My Little Pony Equestria Girls: Friendship Games

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The Equestria Girls series is one franchise that’s reception has definitely improved overtime. Looking back, I remember when people thought it was some kind of cruel joke, taking the beloved characters from the highly successful television series, removing them from their enchanted and immensely interesting world of Equestria, and placing them in a high school setting for their first feature film seemed like a real slap in the face from Hasbro. I’ll admit it though, I saw the first two Equestria girls movies in the theatre, and I liked them. I wasn’t over the moon about them or anything, and they certainly didn’t win me over as much as the TV show did, but I thought they were fun, cute little films that had way more effort put into them than films of their type normally get. So If I enjoyed the first two films, I just had to have liked the latest entry, Friendship Games. Right? Uh….well…….here’s the thing……let’s get into the review and I’ll explain.

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One of the best parts about last fall’s Rainbow Rocks was it’s cliffhanger ending, which introduced The human world’s Twilight Sparkle (Let’s call her Sci-Twi cause it’s cute.) I was really curious to see where they were gonna go with this character. She’s pretty much the same as the Twilight Sparkle we know and love, just a little nerdier and a bit more socially awkward. She’s adorable, and one of the few things that I thought the movie gets absolutely right (Until the climax.…) as far as the other characters go, it’s kind of lacking this time around, with the one notable exception being Sunset Shimmer. Girl, you are OWNING these films! Sunset once again carries the whole film with her character arc still being the most interesting to watch. So far, she’s the only My Little Pony villain to be reformed that hasn’t felt forced. It’s a much more natural transition from a one-note bad girl to a more fleshed out character, and she’s still the best and most relatable character the Equestria Girls series has put forth. Surprisingly, and disappointingly, the main 5 (Pinkie Pie, Applejack, Rainbow Dash, Rarity and Fluttershy) are some of the more forgettable characters this time around, which is surprising. Applejack is given a nice and touching scene where she teaches Sci-Twi how to use a bow and arrow, but the scene only lasts for about a minute, and aside from that moment I can’t really say that the rest of the main 5 do much that’s terribly memorable.

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The Rival School, Crystal Prep Academy, houses a few more interesting Characters, but most of them are still underdeveloped, with most of the students only receiving a few lines of dialogue and not enough screentime. If you were to ask me what their names were, I’d have to double check some of them. (although I will say that Lemon Zest is pretty much the greatest thing ever. And I’m not just saying that because I adore her hair and infectious spunky attitude.) What the film truly lacks is a strong villain. Rainbow Rocks had three fun Villains in the form of the sirens. They weren’t terribly complex, but were still threatening enough and had some terrific songs to accompany them. Friendship Games doesn’t have the Sirens. Instead, we are given Principle Clinch, the leader of the Crystal Prep students.  While her first appearance is fairly effective and moody, the character simply isn’t all that interesting, and I couldn’t help but feel like she was just a less engaging version of Dean Hardscrabble from Monsters University. The film also tries to throw in another villain towards the end of the film, and while I won’t give away who it is, the character’s transformation feels rushed and lacks the impact it should have. (though they do pull off some pretty unique and fun visuals during the film’s climax.)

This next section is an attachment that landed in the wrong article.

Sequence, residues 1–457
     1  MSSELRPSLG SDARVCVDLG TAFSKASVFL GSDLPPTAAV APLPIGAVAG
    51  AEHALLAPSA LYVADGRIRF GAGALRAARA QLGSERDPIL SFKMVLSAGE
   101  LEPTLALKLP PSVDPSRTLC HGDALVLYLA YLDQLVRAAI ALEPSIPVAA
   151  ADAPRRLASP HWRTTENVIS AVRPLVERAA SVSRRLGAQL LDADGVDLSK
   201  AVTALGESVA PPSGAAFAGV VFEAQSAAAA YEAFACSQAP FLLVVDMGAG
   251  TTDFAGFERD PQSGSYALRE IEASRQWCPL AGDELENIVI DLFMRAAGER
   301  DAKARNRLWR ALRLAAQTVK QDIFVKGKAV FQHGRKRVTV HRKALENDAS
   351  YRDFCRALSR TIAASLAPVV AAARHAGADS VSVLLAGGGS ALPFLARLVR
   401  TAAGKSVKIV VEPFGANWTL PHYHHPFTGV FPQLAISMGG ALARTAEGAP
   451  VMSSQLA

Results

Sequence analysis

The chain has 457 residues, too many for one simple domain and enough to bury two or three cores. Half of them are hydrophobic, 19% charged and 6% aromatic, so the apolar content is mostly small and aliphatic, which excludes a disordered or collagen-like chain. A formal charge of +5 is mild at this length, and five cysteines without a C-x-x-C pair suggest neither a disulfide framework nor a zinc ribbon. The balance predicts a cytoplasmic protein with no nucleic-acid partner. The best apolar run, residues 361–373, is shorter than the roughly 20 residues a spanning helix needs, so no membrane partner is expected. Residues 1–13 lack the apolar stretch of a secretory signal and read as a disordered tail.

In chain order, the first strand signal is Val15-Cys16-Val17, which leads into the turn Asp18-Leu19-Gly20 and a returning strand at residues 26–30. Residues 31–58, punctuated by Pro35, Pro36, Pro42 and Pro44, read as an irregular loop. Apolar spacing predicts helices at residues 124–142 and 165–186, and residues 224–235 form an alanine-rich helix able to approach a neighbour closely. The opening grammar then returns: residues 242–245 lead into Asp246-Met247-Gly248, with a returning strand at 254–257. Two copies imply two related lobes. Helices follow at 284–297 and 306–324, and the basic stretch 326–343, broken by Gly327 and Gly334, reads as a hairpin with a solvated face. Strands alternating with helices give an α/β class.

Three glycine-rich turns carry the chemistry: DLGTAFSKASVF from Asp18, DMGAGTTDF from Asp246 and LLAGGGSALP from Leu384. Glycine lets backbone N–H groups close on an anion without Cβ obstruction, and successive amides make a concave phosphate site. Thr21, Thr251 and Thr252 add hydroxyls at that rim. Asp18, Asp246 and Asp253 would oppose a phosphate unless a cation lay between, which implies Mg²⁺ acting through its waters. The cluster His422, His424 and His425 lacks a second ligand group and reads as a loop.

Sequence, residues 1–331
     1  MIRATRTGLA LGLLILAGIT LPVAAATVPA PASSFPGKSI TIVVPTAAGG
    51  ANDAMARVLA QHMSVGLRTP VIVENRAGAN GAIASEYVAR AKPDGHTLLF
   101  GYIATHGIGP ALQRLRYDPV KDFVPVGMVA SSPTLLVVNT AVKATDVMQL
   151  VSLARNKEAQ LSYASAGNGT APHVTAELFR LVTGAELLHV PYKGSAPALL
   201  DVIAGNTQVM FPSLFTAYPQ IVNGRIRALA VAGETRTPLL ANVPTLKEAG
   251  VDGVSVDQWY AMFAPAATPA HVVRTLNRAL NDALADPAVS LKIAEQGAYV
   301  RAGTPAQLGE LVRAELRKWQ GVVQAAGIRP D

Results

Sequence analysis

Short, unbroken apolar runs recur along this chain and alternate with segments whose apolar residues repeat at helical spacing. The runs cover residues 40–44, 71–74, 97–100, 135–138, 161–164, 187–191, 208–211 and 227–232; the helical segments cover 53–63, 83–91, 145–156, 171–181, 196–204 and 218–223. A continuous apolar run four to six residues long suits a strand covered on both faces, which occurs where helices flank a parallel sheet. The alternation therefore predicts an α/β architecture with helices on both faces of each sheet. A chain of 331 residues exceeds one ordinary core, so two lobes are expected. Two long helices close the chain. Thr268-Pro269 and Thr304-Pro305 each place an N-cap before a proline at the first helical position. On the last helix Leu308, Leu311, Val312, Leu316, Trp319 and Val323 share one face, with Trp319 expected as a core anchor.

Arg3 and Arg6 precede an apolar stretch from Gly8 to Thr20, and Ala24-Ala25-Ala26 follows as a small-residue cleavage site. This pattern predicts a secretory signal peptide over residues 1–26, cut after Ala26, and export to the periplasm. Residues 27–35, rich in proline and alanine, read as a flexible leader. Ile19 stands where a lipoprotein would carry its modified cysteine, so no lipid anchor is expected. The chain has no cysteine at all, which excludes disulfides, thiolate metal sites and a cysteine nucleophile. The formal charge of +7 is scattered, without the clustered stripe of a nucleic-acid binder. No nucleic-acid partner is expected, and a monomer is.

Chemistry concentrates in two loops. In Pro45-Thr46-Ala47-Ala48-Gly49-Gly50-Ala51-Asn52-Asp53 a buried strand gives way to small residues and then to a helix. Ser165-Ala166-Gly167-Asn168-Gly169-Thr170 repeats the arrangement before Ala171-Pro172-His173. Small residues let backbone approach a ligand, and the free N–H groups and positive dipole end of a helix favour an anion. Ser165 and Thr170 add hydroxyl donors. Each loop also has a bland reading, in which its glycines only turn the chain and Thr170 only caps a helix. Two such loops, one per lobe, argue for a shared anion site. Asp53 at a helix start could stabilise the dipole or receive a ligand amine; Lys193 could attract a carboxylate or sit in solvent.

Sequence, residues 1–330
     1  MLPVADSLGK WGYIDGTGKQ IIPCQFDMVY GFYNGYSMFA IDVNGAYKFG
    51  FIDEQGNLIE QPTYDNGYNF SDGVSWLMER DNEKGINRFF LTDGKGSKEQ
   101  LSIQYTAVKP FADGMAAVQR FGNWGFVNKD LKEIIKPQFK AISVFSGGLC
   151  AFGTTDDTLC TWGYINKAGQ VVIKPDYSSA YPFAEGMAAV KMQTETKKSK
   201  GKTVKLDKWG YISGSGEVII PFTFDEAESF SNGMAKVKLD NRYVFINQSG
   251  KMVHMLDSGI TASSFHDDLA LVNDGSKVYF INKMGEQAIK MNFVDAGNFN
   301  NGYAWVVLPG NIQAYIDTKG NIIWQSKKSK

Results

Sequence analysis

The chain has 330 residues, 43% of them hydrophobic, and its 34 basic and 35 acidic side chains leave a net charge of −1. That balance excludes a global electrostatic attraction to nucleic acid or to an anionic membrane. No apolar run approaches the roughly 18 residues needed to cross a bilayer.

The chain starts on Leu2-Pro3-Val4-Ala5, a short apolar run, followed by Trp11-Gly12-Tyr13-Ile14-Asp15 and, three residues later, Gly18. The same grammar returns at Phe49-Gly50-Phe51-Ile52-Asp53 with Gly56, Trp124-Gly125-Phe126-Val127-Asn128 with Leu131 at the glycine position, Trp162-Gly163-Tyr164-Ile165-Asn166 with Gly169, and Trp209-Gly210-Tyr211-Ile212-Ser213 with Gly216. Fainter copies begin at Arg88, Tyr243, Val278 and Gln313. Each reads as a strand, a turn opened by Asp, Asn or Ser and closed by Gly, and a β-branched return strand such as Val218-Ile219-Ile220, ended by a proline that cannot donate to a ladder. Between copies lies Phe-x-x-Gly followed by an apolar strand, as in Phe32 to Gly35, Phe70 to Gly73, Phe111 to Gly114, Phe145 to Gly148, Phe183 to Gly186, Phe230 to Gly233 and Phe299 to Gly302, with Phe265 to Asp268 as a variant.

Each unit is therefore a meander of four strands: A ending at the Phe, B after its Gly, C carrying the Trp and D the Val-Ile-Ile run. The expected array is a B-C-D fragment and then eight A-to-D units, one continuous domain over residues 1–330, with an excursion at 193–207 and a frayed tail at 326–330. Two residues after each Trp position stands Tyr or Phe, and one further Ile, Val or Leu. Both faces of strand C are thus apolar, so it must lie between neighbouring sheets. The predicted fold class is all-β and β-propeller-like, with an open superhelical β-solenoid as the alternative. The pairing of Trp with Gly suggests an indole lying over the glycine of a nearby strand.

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The story itself at times can feel oddly convoluted despite the basic premise being relatively thin. I understood it fine, but for a newcomer? This movie really expects you to be familiar with both the show and the previous two films and I can see some new people being a little lost. All that being said, the film still looks really nice. This is the first Equestrian Girls film not to be given a theatrical release and while it feels less cinematic then the previous entires, the film is still bright and colourful and the animation is smooth and refined, resulting in some of the best flash animation you can possibly see. The film’s soundtrack is also, unsurprisingly, utterly brilliant. Composer William Anderson and Songwriter Daniel Ingram return once again and the two conjure up some wonderfully catchy tunes for this film, with both “Unleash the Magic” and “ACADECA” being the two showstoppers of the film.